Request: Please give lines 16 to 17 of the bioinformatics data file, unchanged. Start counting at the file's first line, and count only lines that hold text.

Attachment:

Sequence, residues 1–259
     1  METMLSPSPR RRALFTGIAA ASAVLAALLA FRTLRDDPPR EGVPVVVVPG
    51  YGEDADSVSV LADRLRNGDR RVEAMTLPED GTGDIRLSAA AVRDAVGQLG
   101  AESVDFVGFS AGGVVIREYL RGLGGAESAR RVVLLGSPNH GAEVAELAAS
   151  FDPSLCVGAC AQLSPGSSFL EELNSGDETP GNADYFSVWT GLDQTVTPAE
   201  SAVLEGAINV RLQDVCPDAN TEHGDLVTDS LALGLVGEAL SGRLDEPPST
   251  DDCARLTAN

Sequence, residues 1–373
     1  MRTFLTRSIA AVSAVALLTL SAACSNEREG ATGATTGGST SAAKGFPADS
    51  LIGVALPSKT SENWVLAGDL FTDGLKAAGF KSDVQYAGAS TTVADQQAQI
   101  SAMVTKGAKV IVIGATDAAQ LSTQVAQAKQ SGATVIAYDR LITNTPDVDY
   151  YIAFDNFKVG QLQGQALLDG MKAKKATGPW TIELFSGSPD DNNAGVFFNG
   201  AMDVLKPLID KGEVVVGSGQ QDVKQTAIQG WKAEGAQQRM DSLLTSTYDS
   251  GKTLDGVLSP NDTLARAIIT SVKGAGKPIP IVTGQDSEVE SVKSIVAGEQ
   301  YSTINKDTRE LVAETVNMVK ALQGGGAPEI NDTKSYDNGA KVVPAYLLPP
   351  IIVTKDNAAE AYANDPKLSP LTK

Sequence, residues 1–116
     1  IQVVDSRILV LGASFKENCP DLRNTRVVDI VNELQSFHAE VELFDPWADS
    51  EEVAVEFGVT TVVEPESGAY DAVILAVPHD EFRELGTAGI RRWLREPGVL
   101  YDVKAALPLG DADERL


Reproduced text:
   351  IIVTKDNAAE AYANDPKLSP LTK

Sequence, residues 1–116